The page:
A paragraph (from the Ancient Greek παράγραφος paragraphos, "to write beside" or "written beside") is a self-contained unit of a discourse in writing dealing with a particular point or idea. Though not required by the syntax of any language, paragraphs are usually an expected part of formal writing, used to organize longer prose.
The oldest classical Greek and Latin writing had little or no space between words and could be written in boustrophedon (alternating directions). Over time, text direction (left to right) became standardized, and word dividers and terminal punctuation became common. The first way to divide sentences into groups was the original paragraphos, similar to an underscore at the beginning of the new group. The Greek paragraphos evolved into the pilcrow (¶), which in English manuscripts in the Middle Ages can be seen inserted inline between sentences. The hedera leaf (e.g. ☙) has also been used in the same way.
In ancient manuscripts, another means to divide sentences into paragraphs was a line break (newline) followed by an initial at the beginning of the next paragraph. An initial is an oversized capital letter, sometimes outdented beyond the margin of the text. This style can be seen, for example, in the original Old English manuscript of Beowulf. Outdenting is still used in English typography, though not commonly. Modern English typography usually indicates a new paragraph by indenting the first line. This style can be seen in the (handwritten) United States Constitution from 1787. For additional ornamentation, a hedera leaf or other symbol can be added to the inter-paragraph whitespace, or put in the indentation space.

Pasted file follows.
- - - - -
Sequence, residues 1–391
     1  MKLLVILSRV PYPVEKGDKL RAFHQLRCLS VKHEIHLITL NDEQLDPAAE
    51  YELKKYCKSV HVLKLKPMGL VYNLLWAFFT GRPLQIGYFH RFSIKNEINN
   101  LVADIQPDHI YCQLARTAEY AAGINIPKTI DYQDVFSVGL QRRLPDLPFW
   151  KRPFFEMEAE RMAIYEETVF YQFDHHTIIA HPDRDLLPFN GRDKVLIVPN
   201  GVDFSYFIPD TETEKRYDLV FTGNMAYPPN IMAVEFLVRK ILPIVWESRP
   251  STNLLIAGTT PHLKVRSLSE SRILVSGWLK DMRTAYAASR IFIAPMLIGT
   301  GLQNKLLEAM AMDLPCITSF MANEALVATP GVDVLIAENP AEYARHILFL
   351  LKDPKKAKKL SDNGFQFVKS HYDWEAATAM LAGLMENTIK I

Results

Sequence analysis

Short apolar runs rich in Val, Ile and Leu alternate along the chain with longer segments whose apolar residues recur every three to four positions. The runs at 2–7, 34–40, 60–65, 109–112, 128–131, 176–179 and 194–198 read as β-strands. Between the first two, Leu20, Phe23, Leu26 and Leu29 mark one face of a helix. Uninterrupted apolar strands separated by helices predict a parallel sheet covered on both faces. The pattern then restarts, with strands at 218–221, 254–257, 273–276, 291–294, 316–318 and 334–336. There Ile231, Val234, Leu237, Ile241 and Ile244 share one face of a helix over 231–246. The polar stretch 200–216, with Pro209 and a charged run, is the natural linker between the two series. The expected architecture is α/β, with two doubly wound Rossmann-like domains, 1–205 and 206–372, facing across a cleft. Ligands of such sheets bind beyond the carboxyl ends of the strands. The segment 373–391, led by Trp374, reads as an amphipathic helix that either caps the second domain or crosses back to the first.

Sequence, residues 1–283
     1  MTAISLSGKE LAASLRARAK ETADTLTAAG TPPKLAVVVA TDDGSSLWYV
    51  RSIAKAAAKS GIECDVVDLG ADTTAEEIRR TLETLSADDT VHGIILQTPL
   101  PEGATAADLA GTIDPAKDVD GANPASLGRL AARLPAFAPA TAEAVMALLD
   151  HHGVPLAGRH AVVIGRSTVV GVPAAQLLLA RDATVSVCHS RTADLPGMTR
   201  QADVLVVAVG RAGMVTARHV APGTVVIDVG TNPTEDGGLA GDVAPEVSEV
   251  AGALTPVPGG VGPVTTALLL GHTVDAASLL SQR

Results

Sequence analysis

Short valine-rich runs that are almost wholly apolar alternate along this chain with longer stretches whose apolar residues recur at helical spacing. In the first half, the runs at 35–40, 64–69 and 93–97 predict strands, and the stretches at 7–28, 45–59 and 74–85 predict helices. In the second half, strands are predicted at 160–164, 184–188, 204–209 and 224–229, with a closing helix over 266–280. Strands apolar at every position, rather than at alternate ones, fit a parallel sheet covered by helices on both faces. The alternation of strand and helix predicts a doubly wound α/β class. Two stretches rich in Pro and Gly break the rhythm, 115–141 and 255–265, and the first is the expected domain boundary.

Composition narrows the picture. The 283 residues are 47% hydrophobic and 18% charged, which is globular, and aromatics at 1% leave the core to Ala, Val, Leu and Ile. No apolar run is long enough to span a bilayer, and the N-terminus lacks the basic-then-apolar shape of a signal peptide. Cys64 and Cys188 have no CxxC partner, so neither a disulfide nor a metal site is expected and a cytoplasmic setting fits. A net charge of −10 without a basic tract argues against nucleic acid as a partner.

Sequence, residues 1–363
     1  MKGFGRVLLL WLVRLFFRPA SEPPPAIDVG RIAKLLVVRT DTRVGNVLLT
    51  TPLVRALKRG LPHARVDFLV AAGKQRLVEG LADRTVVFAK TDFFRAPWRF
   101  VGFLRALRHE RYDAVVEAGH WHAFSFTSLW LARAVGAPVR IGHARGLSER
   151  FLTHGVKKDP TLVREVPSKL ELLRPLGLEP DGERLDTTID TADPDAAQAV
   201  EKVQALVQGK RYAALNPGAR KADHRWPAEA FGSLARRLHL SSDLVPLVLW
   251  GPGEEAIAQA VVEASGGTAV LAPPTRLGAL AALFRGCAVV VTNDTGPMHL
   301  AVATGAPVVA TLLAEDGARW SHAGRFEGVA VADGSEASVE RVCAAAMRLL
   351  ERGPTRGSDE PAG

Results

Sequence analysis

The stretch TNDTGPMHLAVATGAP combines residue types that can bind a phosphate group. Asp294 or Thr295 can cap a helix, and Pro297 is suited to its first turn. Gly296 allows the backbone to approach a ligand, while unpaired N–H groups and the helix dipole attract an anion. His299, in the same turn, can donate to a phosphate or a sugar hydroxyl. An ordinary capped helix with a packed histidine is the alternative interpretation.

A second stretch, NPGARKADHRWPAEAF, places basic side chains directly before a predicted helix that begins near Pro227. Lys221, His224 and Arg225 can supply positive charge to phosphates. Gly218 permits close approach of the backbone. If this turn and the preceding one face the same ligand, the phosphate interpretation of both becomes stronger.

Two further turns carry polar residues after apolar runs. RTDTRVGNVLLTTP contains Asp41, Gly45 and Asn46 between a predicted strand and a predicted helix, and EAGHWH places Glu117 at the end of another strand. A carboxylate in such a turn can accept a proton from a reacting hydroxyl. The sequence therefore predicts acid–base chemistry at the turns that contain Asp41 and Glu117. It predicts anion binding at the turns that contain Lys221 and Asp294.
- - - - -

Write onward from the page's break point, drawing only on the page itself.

A second common modern English style is to use no indenting, but add vertical white space to create "block paragraphs." On a typewriter, a double carriage return produces a blank line for this purpose; professional typesetters (or word processing software) may put in an arbitrary vertical space by adjusting leading. This style is very common in electronic formats, such as on the World Wide Web and email.
Widows and orphans occur when the first line of a paragraph is the last line in a column or page, or when the last line of a paragraph is the first line of a new column or page.
A recent trendy idea in English is not to indent the first paragraph, but indent those that follow. For example, Robert Bringhurst states that we should "Set opening paragraphs flush left." Bringhurst explains as follows:
The function of a paragraph is to mark a pause, setting the paragraph apart from what precedes it. If a paragraph is preceded by a title or subhead, the indent is superfluous and can therefore be omitted.
The Elements of Typographic Style states that "at least one en [space]" should be used to indent paragraphs after the first, noting that that is the "practical minimum". An em space is the most commonly used paragraph indent. Miles Tinker, in his book Legibility of Print, concluded that indenting the first line of paragraphs increases readability by 7%, on the average.
In word processing and desktop publishing, a hard return or paragraph break indicates a new paragraph, to be distinguished from the soft return at the end of a line internal to a paragraph. This distinction allows word wrap to automatically re-flow text as it is edited, without losing paragraph breaks. The software may apply vertical whitespace or indenting at paragraph breaks, depending on the selected style.